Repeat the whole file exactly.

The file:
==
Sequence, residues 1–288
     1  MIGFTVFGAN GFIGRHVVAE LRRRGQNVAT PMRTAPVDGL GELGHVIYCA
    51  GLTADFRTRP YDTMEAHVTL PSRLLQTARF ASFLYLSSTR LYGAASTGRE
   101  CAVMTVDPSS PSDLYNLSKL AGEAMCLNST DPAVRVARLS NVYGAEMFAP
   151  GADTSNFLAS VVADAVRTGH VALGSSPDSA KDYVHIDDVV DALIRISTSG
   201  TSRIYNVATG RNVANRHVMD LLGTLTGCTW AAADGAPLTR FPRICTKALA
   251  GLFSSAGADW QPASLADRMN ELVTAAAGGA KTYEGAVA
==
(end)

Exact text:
Sequence, residues 1–288
     1  MIGFTVFGAN GFIGRHVVAE LRRRGQNVAT PMRTAPVDGL GELGHVIYCA
    51  GLTADFRTRP YDTMEAHVTL PSRLLQTARF ASFLYLSSTR LYGAASTGRE
   101  CAVMTVDPSS PSDLYNLSKL AGEAMCLNST DPAVRVARLS NVYGAEMFAP
   151  GADTSNFLAS VVADAVRTGH VALGSSPDSA KDYVHIDDVV DALIRISTSG
   201  TSRIYNVATG RNVANRHVMD LLGTLTGCTW AAADGAPLTR FPRICTKALA
   251  GLFSSAGADW QPASLADRMN ELVTAAAGGA KTYEGAVA